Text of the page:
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For the market, Guzmán's offer implies a 45% debt reduction

2020-06-04T02:23:06.465Z

It is compared to an average of 39% of recent swaps worldwide, although countries such as Ecuador or Greece had records higher than those that Argentina would achieve.



Mary Church

06/02/2020 - 16:24

  • Clarín.com
  • Economy
  • Economy

The team of Martin Guzman works to make a new offer to bondholders with the limit that the International Monetary Fund delimited on Monday: with a proposal above $ 50 per 100 issued -the net present value (NPV) - Argentina and it would not qualify to enter the sought-after group of “highly probable sustainable” debt countries, according to the statement issued by the agency's technical staff.

The improved Argentine offer - it had started at around $ 40 at the start of negotiations - implies an average drawdown of 45% (depending on what rate future flows are discounted from risks).

This haircut (according to the jargon with which this discount is called in the market) is compared with swap operations in recent years. A work by Juan José Cruces and Christoph Trebesch called “Los sovereign defaults” details that in recent restructurings, between 1999 and 2010, the average implicit deduction was 39%.

But the averages are misleading. When you look at it in detail, from the maximum achieved by Iraq in 2004, which restructured $ 17.71 billion and got a discount of 89%, other countries like Ecuador in 2009 did it with a 68%, Russia, with 51% , or Argentina itself in 2001, which reached 77%.

EcoGo economist Juan Ignacio Paolicchi said that with bonds at $ 47 or $ 48, and when discounted by 10%, gives an average discount of 45%. "If you compare what happened in other countries, Greece achieved 70% in 2012, similar Ecuador, Argentina reached almost 80% in 2005. We are far from major reductions in restructuring," he described.

He added a factor: that the international context helps in a certain sense since it puts downward pressure on the NPV that bondholders are willing to receive.

In fact, the representative of one of the large funds that has Argentine debt pending restructuring recognized, in dialogue with Clarín , that the effect of the coronavirus implied that what was intended was less than expected in February. The "covid discount" rated it.

Paolicchi mentioned that the strong injection of international liquidity added to the fact that more countries are in a complicated situation in their debts, implies that investors are beginning to weigh these variables and lower their claims. 

Daniel Marx, director of Quantum Finanzas and negotiator of the Argentine debt between 1989 and 1993, made some reservations: that the last offer that was released last Thursday, until it was presented to the SEC (United States Securities Commission), did not it is a formal proposal in itself. And even so, if coupons tied to GDP are included, as some mention that it could happen, the numbers would be greatly altered .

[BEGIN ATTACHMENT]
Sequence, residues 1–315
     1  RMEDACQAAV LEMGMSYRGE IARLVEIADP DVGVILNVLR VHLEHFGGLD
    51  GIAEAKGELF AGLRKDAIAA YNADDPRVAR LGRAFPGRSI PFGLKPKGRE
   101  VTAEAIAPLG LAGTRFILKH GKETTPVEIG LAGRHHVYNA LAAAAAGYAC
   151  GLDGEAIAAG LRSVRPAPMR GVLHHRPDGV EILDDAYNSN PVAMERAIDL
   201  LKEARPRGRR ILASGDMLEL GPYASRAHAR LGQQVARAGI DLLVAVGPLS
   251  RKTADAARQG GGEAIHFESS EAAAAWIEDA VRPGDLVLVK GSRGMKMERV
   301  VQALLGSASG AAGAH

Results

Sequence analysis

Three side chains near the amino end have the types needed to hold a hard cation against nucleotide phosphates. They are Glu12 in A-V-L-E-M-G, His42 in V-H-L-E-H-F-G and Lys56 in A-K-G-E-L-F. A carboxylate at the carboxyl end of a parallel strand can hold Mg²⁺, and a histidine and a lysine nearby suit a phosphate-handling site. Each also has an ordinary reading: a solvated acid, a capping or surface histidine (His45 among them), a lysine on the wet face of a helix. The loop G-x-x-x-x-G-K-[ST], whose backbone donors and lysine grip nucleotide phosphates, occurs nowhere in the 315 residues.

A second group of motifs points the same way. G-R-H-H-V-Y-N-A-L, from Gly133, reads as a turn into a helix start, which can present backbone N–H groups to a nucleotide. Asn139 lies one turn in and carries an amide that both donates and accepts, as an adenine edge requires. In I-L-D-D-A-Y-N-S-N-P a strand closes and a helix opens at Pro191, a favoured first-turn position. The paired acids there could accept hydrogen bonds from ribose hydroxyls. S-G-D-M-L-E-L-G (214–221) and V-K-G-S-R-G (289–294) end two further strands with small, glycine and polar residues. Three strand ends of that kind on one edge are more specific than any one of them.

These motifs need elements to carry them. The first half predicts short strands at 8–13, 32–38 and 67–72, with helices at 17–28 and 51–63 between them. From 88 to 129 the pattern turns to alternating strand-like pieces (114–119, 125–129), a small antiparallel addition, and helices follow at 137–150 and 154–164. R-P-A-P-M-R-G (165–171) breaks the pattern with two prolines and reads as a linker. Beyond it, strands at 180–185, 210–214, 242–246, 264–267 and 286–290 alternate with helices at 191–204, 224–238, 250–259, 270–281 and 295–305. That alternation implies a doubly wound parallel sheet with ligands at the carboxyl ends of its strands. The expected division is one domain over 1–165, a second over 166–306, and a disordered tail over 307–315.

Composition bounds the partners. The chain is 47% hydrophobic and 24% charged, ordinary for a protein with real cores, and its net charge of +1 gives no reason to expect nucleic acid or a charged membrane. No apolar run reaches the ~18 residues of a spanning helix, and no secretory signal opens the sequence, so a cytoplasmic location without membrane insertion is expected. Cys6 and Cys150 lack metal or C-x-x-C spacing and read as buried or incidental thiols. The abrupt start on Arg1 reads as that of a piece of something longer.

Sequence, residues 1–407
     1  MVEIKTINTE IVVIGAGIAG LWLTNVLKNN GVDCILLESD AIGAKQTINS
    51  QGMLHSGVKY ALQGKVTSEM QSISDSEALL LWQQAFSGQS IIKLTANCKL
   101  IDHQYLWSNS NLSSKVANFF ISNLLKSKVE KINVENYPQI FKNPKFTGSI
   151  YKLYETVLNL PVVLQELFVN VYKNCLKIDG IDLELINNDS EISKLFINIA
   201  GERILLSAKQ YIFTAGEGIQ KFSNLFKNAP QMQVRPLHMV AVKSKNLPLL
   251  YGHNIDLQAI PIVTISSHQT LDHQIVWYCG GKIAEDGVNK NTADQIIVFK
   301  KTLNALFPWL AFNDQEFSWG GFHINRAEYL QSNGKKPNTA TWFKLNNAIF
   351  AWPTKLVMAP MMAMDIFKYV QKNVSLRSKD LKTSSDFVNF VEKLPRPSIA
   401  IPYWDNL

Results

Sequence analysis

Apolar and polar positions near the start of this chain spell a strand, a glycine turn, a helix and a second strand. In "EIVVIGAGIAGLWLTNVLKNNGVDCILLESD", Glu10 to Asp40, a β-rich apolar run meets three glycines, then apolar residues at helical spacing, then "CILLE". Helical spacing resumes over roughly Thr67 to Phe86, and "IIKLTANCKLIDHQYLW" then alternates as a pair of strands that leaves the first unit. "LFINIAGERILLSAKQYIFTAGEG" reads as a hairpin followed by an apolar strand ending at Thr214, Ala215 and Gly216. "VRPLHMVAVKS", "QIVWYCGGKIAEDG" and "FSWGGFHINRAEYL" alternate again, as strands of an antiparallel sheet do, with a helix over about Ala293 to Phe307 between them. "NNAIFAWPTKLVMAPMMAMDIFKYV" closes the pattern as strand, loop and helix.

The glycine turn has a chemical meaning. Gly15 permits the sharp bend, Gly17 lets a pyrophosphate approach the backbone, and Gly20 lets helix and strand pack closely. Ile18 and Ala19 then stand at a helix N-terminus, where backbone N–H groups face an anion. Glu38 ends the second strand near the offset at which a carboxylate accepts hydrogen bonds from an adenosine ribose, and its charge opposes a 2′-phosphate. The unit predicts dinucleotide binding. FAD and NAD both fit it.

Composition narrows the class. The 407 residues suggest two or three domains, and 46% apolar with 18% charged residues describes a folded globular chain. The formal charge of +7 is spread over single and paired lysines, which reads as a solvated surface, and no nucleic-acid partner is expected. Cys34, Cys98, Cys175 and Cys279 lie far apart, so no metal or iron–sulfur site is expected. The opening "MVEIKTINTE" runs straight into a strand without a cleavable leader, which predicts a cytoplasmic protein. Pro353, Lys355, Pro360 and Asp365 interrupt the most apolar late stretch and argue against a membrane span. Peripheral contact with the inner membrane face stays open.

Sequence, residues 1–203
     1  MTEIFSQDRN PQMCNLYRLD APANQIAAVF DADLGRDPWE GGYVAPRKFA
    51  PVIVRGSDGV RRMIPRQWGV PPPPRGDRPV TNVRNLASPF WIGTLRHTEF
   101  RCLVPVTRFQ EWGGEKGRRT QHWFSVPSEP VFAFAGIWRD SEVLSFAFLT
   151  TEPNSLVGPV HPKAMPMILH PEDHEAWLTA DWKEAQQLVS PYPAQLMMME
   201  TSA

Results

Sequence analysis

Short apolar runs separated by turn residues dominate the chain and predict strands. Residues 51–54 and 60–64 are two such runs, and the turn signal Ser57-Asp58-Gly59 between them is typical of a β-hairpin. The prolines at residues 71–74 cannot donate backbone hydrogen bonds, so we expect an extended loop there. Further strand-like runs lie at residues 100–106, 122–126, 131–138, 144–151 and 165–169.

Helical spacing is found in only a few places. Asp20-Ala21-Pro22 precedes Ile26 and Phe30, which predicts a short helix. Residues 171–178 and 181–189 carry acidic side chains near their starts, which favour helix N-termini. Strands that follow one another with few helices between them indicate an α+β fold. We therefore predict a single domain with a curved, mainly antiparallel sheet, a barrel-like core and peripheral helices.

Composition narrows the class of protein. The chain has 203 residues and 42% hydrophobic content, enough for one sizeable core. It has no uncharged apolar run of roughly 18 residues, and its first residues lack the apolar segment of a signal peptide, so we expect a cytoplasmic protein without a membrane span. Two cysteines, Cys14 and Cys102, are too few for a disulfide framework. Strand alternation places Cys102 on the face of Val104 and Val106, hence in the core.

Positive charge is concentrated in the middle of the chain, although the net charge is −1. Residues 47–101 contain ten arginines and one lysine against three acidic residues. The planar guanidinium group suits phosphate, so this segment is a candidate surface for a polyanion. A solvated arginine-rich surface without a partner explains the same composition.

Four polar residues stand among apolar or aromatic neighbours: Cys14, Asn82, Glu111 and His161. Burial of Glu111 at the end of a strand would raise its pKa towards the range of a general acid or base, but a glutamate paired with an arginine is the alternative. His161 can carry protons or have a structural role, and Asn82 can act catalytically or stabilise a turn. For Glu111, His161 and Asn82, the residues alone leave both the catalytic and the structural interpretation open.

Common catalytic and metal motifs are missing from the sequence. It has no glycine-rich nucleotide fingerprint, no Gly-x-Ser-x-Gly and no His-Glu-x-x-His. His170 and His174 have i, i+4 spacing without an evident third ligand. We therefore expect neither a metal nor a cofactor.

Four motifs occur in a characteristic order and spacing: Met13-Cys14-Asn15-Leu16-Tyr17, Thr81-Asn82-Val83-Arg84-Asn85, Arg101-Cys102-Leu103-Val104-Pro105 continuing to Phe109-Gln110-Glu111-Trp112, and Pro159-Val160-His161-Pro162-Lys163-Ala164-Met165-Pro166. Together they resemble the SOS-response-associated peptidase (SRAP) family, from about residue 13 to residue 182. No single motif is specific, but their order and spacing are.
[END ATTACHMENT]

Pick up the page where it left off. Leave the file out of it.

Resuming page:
"In general, when making these calculations, you don't look so much at how much the historical average is, but rather at the ability to pay or if the sustainable debt, as the government uses today," he differentiated.

For Daniel Marx, former secretary of Finance, the value of the offer that Martín Guzmán released last Thursday, has not yet been defined.

In this sense, he pointed out that this ability to pay will be given by a fact: if Argentina recovers, through a "program that generates opportunities", after the renegotiation of the debt or, on the other hand, if it deteriorates the situation.

"It matters more what happens the day after, " he said.

The comparisons are odious, because in fact the context of each country in question is different at the time of the restructuring.

Ecolatina's chief economist, Matias Rajnerman, recalled that overall, between the exchanges of 2005 and 2010, the discount was 66% and that it will now be less than 50%, closer to 45% .

But he mentioned an opposite situation to the current one: at that moment the debt was already in default, reason for which "the possibilities of negotiating from Argentina were better because the alternatives to be collected were zero".

Instead today it is a debt that was being paid. "Although it was unsustainable, the possibilities of negotiation are less because the risk of default is there, so the chances of making a withdrawal are less", he differentiated.

Also when comparing with other countries, he said that the situation in Ukraine or Uruguay was different: they showed a lot of fiscal discipline in exchange for reprofiling the terms without capital or interest deductions.

"Argentina is not looking for that. You can go back to the markets faster, but there is a fiscal problem and you have to keep adjusting spending a lot and, on the other hand, the debt profile is not relaxing; it is still due to the same ” , he reasoned.

When Greece is taken, in another example, the context was also different. “There were interests from the European Economic Commission (EEC), the European Central Bank and there was the issue of the euro; there was speculation that he could exit the euro and return to the drachma; As that did not suit the EEC, there were interests that played differently, ” acknowledged Rajnerman.

Source: clarin

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